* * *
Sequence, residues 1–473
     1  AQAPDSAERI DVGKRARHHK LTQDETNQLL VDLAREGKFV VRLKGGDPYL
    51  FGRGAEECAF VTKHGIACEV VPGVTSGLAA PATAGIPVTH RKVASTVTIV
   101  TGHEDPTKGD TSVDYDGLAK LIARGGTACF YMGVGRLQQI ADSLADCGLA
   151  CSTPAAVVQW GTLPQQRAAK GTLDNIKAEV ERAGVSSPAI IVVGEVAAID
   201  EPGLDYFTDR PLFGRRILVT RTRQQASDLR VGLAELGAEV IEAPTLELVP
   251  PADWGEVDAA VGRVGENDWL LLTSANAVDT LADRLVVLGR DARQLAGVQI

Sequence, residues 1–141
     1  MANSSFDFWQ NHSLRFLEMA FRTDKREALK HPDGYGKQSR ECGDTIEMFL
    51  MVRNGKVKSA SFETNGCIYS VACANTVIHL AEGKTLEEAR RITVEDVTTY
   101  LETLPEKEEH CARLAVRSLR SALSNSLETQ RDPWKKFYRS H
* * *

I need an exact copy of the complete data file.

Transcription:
Sequence, residues 1–473
     1  AQAPDSAERI DVGKRARHHK LTQDETNQLL VDLAREGKFV VRLKGGDPYL
    51  FGRGAEECAF VTKHGIACEV VPGVTSGLAA PATAGIPVTH RKVASTVTIV
   101  TGHEDPTKGD TSVDYDGLAK LIARGGTACF YMGVGRLQQI ADSLADCGLA
   151  CSTPAAVVQW GTLPQQRAAK GTLDNIKAEV ERAGVSSPAI IVVGEVAAID
   201  EPGLDYFTDR PLFGRRILVT RTRQQASDLR VGLAELGAEV IEAPTLELVP
   251  PADWGEVDAA VGRVGENDWL LLTSANAVDT LADRLVVLGR DARQLAGVQI

Sequence, residues 1–141
     1  MANSSFDFWQ NHSLRFLEMA FRTDKREALK HPDGYGKQSR ECGDTIEMFL
    51  MVRNGKVKSA SFETNGCIYS VACANTVIHL AEGKTLEEAR RITVEDVTTY
   101  LETLPEKEEH CARLAVRSLR SALSNSLETQ RDPWKKFYRS H